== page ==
Colossians 3:17 says, “Do everything in the name of the Lord Jesus.” First Corinthians 2:16 speaks of the spiritual man as having “the mind of Christ.” A spiritual leader knows that all of life, down to its smallest detail, has to do with God. If we are to lead people to see and reflect God’s glory, we must think theologically about everything. We must work toward a synthesis of all things. We must probe to see how things fit together. How do war and sports and pornography and birthday celebrations and literature and space travel and disease and enterprise all hang together? How do they relate to God and his purposes?
“A spiritual leader knows that all of life, down to its smallest detail, has to do with God.” According to Joel 2:28, in the last days (in which we now live), “Your old men shall dream dreams, and your young men shall see visions.” This is the positive counterpart to restlessness. We must not only be discontent with the present, but also dreaming dreams of what could be in the future. In 2 Kings 6:15–17, Elisha and his servant were surrounded by Assyrians in the city of Dothan. When the servant sees this and cries out with dismay, “Elisha prayed and said, ‘O Lord, please open his eyes that he may see.’ So the Lord opened the eyes of the young man, and he saw, and behold, the mountain was full of horses and chariots of fire all around Elisha.
Leaders can see the power of God overshadowing the problems of the future. This is a rare gift: to see the sovereign power of God in the midst of seemingly overwhelming opposition. Most people are experts at seeing all the problems and reasons not to move forward in a venture. Many pastors are ruined by boards who think that they have done their duty when they throw up every obstacle and problem to an idea that he brings. That’s cheap. Hope and solutions are expensive. The spirit of venturesomeness is at a premium today.
Oh, how we need people who will devote just five minutes a week to dream of what might possibly be. The text says that “old men shall dream dreams.” How sad it is, then, to see so many old people assuming that their age means that now they can coast and turn over the creativity to the young. It is tragic when age makes a man jaded instead of increasingly creative. Every new church, every agency, every new ministry, every institution, every endeavor, is the result of someone having a vision and laying hold on it like a snapping turtle.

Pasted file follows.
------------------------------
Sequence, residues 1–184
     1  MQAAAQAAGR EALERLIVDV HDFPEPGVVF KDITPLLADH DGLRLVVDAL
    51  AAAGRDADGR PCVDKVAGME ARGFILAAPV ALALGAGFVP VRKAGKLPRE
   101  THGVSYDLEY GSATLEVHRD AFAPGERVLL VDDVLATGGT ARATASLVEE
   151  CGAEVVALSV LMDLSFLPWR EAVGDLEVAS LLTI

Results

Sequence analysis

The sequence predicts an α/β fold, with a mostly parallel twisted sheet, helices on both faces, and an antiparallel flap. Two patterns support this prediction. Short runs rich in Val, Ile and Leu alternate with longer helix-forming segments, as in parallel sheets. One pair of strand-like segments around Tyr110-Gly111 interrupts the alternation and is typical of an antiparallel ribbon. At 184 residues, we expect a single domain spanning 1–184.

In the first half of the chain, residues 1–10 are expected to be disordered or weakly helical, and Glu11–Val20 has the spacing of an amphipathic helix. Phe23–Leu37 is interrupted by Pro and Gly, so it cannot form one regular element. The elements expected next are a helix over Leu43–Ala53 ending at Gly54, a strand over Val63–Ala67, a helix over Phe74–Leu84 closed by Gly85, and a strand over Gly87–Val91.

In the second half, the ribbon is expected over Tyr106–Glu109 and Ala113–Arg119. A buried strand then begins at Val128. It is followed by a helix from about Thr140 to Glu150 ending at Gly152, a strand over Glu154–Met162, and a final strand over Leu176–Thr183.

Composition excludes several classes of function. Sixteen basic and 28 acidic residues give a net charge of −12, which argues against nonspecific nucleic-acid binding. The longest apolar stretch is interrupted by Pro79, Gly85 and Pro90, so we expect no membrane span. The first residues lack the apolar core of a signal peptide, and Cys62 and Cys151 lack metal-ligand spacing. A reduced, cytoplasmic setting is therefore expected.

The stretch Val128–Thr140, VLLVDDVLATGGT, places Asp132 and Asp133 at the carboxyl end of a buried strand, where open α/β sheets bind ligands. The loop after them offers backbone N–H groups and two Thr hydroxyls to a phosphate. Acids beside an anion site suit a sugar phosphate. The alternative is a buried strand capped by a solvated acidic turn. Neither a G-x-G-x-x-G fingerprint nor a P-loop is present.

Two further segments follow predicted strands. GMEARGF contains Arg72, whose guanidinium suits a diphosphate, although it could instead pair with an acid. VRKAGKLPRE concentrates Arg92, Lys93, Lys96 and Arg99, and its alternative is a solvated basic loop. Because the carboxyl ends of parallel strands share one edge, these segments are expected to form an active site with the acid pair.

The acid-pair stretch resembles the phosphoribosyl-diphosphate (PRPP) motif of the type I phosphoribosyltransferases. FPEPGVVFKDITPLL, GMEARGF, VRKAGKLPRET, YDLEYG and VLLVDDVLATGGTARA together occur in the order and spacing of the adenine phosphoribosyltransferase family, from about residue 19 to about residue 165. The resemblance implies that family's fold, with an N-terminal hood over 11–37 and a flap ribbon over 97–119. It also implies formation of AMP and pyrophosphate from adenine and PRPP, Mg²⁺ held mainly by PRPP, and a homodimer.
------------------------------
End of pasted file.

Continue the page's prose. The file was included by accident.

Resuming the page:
Organized and Efficient
A leader does not like clutter. He likes to know where and when things are for quick access and use. His favorite shape is the straight line, not the circle. He groans in meetings that do not move from premises to conclusions, but rather go in irrelevant circles. When something must be done, he sees a three-step plan for getting it done and lays it out.
He sees the links between a board decision and its implementation. He sees ways to use time to the full and shapes his schedule to maximize his usefulness. He saves himself large blocks of time for his major productive activities. He uses little pieces of time lest they go to waste. (For example, what do you do while you are brushing your teeth? Could you set a magazine on the towel rack and read an article?)
A leader takes time to plan his days and weeks and months and years. Even though it is God who ultimately directs the steps of the leader, he should plan his path (Proverbs 16:9). A leader is not a jellyfish that gets tossed around by the waves, nor is he an oyster that is immovable. The leader is the dolphin of the sea and can swim against the stream or with the stream as he plans.